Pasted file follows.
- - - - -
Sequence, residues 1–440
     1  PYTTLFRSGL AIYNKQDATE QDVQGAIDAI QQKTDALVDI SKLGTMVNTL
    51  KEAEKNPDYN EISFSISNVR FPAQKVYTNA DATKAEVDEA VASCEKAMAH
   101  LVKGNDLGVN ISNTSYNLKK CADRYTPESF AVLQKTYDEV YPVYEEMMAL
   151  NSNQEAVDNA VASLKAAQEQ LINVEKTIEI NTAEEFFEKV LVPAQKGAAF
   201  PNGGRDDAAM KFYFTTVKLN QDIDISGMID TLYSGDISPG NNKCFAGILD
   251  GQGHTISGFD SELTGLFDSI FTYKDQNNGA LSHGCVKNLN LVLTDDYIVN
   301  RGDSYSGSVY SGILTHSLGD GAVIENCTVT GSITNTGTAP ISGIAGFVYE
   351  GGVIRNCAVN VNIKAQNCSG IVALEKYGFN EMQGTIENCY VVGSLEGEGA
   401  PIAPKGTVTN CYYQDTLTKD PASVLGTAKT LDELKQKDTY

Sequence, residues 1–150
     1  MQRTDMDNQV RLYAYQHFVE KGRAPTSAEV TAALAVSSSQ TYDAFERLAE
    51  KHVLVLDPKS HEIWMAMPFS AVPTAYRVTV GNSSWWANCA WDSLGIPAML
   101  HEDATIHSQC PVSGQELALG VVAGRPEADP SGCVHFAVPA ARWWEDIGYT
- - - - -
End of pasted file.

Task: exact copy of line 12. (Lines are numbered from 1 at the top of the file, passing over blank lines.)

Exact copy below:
     1  MQRTDMDNQV RLYAYQHFVE KGRAPTSAEV TAALAVSSSQ TYDAFERLAE